With  RO (coco)  (2019), Shrosbree breathes complex life into what at first read is a misshapen pouch or bag in an unlikely union with the wall behind it. A large expanse of white space surrounds the piece, beckoning the viewer to move in closer for a proper examination. The irony of the title lay in its reference to the elaborately ornamental, which in this case is comprised of the smallest shifts and gestures that guide our investigation of its construction. The piece appears beneath a yellow shell which in fact is not a shell. It’s skin appears soft, pliable, stretched, yet passages are hardened with enamel. A limp nylon tail trails beneath with a small wire emerging from it. Follow the wire and it disappears with an absurdist flourish into a tiny hole bored into the wall. Beneath this hole, another hole. Perhaps a first attempt at wire insertion. From this second hole, a graphite line is drawn horizontally to a vertical line that eventually forms a frame around the piece with a ground of yellow enamel applied within it to merge the form to the wall. Figure/ground as one. On even closer inspection, at the forensic level, little bits of pink eraser droppings dust the baseboard beneath the piece—evidence of Shrosbree’s process of working the graphite lines further.

Jim Shrosbree, “UB (leng)”, 2017, ceramic, nylon, hair, wool, cloth, paint, ink, wood shelf, 6.5 x 23 x 7 inches (with shelf)

Likewise, a detailed examination of UB (leng) (2017), reveals a small mess of dog hairs gathered on a wool “muzzle” capping one end of a blue ceramic truncheon, resting on a rag stained with blue ink and lashed to a hunk of lumber. Unlike the work of artist Richard Tuttle, who employs a play between wall and form, drawing and the minimal manipulation of modest materials, Shrosbree’s work does not exist in a state of fragility. Despite its tentative nature, there is a kind of guileless presence that nevertheless insists on being there.

Jim Shrosbree “UB (VLoon)”, 2019, ceramic, fabric, string, cloth, tack, enamel, ink, acrylic, 14 x 16.5 x 3.5 inches

Jim Shrosbree, “Uno yuno”, 2019, ceramic, steel, paint, 49 x 15 x 16.5 inches

 

UB (VLoon) (2019) further elucidates Shrosbree’s interest in dichotomies: emptiness and fullness, the animate and the inanimate, the interior and the exterior. The flaccid and drooping painted nylon sack of the piece appears spent, yet it is attached to a form that appears ripe and full. Uno yuno (2019) is elegantly displayed on a steel plinth supported by a slender rod. Such refined stability is offset by the primary form: a seed-like entity suggesting an organic pouch plump with activity as sluggish tendrils emerge from either end. However on closer inspection, there is only the illusion of fullness within the cavity of the body. Its inflation has been implied.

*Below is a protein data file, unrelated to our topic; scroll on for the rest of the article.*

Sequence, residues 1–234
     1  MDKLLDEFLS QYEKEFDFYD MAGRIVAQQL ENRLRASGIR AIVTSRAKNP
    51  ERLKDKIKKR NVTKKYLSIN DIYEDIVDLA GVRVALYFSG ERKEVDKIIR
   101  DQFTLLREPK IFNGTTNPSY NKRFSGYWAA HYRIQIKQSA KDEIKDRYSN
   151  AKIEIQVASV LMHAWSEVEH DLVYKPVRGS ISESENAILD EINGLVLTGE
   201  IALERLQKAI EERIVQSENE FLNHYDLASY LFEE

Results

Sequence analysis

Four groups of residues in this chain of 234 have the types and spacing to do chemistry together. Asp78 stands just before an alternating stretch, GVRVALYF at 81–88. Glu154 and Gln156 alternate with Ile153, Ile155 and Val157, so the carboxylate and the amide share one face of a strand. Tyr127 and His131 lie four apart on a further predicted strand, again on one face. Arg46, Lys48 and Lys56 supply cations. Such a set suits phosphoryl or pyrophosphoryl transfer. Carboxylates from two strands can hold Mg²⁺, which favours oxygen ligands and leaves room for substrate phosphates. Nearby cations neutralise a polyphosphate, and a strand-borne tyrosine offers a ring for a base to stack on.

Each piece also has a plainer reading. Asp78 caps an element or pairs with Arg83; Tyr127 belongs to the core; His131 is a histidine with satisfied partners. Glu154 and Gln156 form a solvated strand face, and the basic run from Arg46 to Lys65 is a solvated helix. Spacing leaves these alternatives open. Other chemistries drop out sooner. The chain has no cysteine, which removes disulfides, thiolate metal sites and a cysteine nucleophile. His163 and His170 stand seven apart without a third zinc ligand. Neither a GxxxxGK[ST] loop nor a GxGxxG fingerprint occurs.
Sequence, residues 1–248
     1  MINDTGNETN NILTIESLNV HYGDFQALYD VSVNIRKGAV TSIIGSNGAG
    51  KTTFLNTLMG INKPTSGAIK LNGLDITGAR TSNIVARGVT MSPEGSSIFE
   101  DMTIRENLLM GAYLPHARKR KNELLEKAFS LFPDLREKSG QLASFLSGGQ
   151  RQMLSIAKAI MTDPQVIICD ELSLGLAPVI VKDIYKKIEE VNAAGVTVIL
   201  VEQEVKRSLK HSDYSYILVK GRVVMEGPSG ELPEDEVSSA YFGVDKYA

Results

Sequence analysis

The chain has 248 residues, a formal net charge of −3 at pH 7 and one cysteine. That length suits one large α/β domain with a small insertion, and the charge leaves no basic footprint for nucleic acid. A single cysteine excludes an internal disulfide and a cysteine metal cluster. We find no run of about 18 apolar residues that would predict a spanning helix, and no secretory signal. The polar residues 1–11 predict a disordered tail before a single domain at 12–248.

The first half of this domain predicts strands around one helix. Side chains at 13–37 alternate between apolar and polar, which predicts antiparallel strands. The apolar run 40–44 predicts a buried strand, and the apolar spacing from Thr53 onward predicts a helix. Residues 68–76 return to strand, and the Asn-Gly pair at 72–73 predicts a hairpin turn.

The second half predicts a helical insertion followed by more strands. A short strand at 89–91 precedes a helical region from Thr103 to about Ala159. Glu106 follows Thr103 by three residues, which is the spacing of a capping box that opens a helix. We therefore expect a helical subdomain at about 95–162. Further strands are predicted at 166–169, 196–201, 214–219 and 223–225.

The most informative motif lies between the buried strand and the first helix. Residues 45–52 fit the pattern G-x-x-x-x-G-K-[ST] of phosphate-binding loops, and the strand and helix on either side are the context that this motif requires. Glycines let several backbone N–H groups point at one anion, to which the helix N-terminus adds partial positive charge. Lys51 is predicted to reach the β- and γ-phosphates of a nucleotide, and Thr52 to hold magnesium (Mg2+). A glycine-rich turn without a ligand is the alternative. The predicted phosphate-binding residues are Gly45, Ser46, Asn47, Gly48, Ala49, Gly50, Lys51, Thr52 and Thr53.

Jim Shrosbree, “SAN (bdroop)”, 2019, ceramic, cloth, ink, acrylic, 15 x 12 x 4.25 inches

This embrace of illusion, of what is implied rather than shown, is central to the experience of Shrosbree’s work. In SAN (bdroop)(2019), a suspended ceramic cloth recalls the time-honored stage magic act of horizontally levitating a body beneath a sheet that conceals a platform or hidden wires. New Way (home) (2012) is a small painted relief with a wood flap seemingly supported by string, concealing the origin of a single humorous drip that emerges from under it.

In what is arguably one of the more consistently unique rooms in Paul Kotula Projects, a small chamber at the left of the hallway one enters from, there is, nestled in a corner, a piece titled Tandroop (2019). It consists of three stacked ceramic forms, each resembling sausages or baguettes or extrusions—take your pick, but it may be best to simply ignore the impulse to impose such obvious comparisons—atop a rectangular patch of folded cloth, all of which is held aloft on a painted red plinth and support shaft. The top form has been stuffed into a nylon stocking, it’s open end drooping down like some distended, tired mouth. And then there is the absurd grace note: a length of black string resembling a shoelace, perhaps four inches long, has been carefully laid atop the nylon encased form. To examine all of this closely, the viewer must crowd closer into the corner of the small room, perhaps even positioning oneself atop the low platform beside it. The very act of adjusting one’s body in proximity to this piece, lends the work a vaguely carnal presence. It is passive and yet unavoidable all the same. Humorous and yet sad. A lonely figure in a small room conjuring a whisper to come closer.

Jim “Tandroop”, 2019, ceramic, nylon, cloth, gesso, enamel, steel, 46 x 15 x 7 inches